International Relations

To impeach or not to impeach?

2019-05-31 09:58 #0 by: Max

Anyone who open mindedly reads or reviews the Mueller Report is likeky to conclude that their are strong grounds for impeaching President Trump. Whether it makes sense for Democrats to initiate proceedings is now the crucial question. Given the supine state of the Republican Party, it's probable that short or some very damning evidence being unearthed (not impossible if they ever get hold of his tax returns), the requisite super majority in the Senate is unlikely to be obtained and Nancy Polosi is worried that a failed effort will play into Trump's hands and provide him with a victim narrative that will hand him victory in 2020. Others are comming round to the view that impeachment proceedings are necessary to force the required testimony and evidence to hold the President tp account or that the Democrats habe a moral duty to at least initiate proceedings. So whonis right?

2019-05-31 10:23 #1 by: Evelina

Im not sure what the right thing to do is. But I sure hope the 2020 election will turn things around for the country. 😅😭

2019-06-01 12:08 #2 by: Niklas

This is about strategy. There have been impeachments of US presidents twice before. None of them were convicted. Therefore the Democrats likely view the possibility of convicting Trump as slim. An impeachment without a conviction is almost certain to strengthen Trump. Instead Democrats put their efforts on winning the next election.

So, wrong or right depends on what you think is right. If getting Trump out of the White house as fast as possible is the overarching goal, beating him in the next election probably is a better bet than trying to impeach him.

2019-06-03 18:09 #3 by: jordan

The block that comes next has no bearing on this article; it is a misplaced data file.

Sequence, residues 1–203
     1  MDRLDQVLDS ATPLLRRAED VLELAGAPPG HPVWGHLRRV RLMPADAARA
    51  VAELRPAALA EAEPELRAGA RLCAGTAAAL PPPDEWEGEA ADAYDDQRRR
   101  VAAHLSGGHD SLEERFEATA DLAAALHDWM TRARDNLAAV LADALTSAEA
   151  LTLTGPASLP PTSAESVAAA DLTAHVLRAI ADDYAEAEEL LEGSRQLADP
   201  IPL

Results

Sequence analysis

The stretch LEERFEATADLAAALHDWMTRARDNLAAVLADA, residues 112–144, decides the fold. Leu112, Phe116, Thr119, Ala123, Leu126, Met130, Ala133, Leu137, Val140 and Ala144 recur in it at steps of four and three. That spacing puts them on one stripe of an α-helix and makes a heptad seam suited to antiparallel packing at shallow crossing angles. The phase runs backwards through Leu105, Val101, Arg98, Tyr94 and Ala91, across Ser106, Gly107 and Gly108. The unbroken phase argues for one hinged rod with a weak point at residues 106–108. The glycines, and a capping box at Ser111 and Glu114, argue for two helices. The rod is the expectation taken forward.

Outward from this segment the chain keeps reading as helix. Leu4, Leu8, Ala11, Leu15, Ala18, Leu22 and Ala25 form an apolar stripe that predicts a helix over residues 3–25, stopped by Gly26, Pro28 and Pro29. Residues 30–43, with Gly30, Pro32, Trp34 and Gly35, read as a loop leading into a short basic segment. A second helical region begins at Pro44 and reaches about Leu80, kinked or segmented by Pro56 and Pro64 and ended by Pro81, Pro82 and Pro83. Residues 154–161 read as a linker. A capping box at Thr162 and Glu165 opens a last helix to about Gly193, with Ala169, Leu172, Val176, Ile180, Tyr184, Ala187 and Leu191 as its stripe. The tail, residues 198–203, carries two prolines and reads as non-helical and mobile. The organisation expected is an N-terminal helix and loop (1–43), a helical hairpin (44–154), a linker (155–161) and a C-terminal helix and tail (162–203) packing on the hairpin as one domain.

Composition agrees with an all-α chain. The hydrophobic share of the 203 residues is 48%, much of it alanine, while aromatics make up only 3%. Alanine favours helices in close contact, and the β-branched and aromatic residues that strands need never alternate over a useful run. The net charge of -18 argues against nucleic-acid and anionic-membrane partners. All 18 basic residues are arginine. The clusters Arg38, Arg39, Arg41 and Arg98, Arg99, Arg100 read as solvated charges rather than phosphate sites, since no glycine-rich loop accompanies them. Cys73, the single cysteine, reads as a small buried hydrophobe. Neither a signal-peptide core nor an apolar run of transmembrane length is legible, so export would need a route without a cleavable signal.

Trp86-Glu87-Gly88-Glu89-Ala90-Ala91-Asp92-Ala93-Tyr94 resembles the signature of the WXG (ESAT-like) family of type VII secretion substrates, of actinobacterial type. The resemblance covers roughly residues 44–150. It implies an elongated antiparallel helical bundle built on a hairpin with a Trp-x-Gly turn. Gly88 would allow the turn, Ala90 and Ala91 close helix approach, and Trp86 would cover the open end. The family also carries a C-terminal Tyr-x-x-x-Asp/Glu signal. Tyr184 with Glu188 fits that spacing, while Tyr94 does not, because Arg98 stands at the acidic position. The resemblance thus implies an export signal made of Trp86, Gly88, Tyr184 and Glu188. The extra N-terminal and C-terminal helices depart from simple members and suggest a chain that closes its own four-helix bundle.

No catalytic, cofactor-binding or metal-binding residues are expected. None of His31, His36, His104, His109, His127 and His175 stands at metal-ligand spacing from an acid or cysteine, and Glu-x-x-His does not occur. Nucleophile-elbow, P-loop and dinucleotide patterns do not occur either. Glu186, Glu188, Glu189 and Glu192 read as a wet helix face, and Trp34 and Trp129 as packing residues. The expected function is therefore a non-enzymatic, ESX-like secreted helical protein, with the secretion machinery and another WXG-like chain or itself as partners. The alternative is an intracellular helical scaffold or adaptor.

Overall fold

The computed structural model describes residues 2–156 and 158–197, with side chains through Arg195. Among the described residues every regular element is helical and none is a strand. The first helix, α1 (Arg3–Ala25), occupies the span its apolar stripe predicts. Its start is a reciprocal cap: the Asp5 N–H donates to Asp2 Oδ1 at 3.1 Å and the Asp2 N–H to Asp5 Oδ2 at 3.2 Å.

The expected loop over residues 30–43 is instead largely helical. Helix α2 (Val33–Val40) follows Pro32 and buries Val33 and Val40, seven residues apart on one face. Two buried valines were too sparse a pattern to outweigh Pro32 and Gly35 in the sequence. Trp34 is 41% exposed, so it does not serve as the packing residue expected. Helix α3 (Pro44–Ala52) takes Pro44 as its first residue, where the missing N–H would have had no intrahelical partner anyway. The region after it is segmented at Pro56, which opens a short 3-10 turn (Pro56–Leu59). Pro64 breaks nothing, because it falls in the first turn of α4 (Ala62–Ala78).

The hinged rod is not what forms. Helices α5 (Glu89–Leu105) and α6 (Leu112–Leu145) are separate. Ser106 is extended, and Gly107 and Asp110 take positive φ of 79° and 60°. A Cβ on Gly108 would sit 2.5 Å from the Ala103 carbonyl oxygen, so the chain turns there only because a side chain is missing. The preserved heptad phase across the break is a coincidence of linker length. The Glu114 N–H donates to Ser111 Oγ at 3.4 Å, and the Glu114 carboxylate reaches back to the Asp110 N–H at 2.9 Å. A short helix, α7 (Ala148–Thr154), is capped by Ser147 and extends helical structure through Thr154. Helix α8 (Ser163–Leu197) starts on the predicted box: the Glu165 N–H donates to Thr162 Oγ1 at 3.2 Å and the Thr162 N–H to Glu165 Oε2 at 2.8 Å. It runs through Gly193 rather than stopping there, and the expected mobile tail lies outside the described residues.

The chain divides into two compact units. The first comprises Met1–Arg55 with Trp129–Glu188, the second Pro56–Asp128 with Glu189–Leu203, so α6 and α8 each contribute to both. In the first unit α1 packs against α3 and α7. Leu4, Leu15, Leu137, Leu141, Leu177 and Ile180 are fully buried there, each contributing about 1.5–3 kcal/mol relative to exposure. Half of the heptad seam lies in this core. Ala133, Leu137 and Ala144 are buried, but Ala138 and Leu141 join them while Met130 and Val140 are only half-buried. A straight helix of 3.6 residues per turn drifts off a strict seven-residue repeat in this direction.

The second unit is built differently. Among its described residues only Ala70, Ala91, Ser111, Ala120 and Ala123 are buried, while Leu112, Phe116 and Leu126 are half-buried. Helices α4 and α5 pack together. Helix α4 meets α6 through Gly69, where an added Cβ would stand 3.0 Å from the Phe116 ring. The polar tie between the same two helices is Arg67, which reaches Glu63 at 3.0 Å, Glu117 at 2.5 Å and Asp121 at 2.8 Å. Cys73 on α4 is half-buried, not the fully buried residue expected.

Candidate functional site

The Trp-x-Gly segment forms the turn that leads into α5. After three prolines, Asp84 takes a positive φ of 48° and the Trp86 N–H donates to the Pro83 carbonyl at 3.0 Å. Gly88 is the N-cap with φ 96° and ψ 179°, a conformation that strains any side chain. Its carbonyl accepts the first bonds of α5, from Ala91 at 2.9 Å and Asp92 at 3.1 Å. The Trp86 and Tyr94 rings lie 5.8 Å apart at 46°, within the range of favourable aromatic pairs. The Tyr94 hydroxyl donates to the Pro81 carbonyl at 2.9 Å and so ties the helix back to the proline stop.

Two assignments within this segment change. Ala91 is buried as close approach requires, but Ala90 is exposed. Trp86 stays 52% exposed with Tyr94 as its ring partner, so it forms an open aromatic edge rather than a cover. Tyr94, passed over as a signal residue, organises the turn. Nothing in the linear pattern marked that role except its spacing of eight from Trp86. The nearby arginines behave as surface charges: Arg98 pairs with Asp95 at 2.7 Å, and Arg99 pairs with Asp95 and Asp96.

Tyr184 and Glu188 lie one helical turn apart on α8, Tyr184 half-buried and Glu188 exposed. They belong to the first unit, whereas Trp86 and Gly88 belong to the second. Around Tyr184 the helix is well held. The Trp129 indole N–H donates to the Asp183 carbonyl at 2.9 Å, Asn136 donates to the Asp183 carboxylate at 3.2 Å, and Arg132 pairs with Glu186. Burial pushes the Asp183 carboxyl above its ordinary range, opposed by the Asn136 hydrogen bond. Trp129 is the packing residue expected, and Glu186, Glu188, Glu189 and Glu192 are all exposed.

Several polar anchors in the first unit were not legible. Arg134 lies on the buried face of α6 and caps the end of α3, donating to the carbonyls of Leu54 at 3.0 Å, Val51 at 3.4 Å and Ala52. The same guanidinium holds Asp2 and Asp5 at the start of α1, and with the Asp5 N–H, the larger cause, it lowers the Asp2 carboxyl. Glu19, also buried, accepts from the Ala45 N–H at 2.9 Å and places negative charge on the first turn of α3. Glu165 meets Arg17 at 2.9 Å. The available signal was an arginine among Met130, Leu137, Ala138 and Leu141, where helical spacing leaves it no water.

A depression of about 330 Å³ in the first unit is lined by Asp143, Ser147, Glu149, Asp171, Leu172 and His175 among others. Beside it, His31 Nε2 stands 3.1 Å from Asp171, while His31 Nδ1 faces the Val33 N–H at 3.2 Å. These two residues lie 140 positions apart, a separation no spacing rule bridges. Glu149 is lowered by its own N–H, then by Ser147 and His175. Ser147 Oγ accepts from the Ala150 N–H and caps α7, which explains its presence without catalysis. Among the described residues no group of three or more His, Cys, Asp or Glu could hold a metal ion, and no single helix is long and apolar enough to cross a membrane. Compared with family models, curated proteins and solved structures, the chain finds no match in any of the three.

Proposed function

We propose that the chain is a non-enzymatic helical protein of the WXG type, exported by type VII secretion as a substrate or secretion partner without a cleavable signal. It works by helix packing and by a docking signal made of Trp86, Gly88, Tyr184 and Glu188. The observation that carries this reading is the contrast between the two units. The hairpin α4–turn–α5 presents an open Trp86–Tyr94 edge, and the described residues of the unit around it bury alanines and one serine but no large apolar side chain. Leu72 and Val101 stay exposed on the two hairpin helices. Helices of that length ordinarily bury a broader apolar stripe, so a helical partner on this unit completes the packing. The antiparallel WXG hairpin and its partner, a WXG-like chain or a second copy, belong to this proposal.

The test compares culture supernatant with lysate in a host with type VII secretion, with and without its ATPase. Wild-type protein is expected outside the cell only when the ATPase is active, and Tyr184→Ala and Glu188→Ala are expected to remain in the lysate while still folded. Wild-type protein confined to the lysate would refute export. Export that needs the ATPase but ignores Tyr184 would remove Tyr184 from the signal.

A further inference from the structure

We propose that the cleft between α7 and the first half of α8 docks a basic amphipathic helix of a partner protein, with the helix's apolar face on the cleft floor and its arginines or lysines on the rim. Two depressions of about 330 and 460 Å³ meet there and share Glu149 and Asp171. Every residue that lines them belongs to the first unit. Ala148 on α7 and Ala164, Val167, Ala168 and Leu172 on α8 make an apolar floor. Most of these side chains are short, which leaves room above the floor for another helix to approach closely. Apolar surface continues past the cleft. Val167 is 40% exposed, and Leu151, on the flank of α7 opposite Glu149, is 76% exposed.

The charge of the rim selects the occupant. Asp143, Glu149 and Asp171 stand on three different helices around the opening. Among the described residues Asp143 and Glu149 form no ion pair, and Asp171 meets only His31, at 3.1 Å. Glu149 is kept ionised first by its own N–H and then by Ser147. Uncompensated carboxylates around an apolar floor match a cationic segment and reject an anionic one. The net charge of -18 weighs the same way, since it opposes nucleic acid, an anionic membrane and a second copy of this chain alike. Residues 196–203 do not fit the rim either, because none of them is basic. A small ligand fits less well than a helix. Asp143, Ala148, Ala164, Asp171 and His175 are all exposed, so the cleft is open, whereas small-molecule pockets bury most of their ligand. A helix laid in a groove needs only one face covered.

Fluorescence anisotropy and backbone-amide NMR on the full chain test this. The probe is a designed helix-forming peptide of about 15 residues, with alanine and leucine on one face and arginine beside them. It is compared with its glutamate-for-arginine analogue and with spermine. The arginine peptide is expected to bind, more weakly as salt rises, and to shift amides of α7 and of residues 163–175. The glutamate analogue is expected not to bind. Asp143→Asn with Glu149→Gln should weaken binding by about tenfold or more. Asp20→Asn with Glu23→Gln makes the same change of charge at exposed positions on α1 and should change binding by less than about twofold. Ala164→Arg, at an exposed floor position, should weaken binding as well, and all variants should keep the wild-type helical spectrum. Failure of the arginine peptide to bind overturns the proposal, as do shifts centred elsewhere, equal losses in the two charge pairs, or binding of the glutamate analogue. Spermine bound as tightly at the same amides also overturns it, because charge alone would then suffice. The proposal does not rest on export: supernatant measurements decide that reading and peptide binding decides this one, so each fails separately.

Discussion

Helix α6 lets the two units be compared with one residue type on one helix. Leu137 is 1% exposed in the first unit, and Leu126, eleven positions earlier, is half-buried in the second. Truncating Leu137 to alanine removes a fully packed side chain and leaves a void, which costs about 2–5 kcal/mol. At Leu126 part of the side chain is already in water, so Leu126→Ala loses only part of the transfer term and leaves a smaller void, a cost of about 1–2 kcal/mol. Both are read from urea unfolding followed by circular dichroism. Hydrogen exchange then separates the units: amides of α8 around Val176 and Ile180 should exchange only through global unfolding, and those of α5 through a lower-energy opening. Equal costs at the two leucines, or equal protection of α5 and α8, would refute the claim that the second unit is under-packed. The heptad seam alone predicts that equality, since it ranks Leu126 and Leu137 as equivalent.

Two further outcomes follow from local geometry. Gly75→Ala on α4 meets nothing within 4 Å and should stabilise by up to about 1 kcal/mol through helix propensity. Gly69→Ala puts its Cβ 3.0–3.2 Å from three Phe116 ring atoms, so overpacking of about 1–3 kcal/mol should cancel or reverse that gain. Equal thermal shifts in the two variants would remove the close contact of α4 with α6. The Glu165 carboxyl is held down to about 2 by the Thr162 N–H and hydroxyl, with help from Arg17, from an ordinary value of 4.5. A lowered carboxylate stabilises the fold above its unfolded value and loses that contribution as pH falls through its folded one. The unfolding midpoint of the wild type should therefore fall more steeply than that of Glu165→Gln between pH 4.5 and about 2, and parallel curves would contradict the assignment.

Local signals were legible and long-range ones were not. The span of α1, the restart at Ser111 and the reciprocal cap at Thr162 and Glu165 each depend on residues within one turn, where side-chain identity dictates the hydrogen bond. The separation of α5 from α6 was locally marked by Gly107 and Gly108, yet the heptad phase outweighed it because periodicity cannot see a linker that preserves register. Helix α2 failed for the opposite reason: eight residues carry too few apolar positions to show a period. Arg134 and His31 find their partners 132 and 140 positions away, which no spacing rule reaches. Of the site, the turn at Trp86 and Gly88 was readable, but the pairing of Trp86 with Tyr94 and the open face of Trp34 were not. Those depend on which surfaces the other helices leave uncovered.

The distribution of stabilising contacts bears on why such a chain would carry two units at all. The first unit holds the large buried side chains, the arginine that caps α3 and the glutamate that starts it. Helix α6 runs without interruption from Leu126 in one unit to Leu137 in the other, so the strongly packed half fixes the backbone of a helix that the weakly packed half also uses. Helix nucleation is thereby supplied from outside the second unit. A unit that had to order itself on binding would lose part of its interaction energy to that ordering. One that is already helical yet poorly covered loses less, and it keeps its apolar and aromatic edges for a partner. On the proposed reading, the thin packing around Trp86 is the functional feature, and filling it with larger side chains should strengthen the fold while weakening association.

From an outsiders view, it seems like Trump has done enough damage on his own to hinder his bid for re-election. I assume that this is part of their thought process with regard to pressing any charges against him now. Maybe they see it as an unnecessary risk to take at this point?

2019-06-04 08:13 #4 by: Niklas

#3: The problem is that half the population doesn’t agree that he’s done damage. They are behind him no matter what he does.

2019-06-04 23:26 #5 by: jordan

#3 Doesn't the American electoral system mean that a different outcome is likely next election? I'm sure a few heads have turned, hopefully in some of the swing states that Trump was not expecting to win.

2019-06-05 07:48 #6 by: Niklas

#5: No, the system makes it more likely that there is a status quo, statistically speaking. An American president is allowed to stay for two terms (eight years). Trump is on his first term. Sitting presidents usually have an edge over other nominees. People know what they have but not what they will get if they pick someone else.

2019-06-05 21:27 #7 by: jordan

#6 How so? The same thing can happen in the UK (the two term thing), but I wouldn't say they have any particular advantage unless they call an election early, which is rare nowadays.

2019-06-06 07:47 #8 by: Niklas

#7: Including Obama, 16 of 26 presidents running for a second term have been re-elected. To me that suggests sitting presidents have an edge when they get into the presidential race again.

» For U.S. Presidents, Odds for a Second Term Are Surprisingly Long


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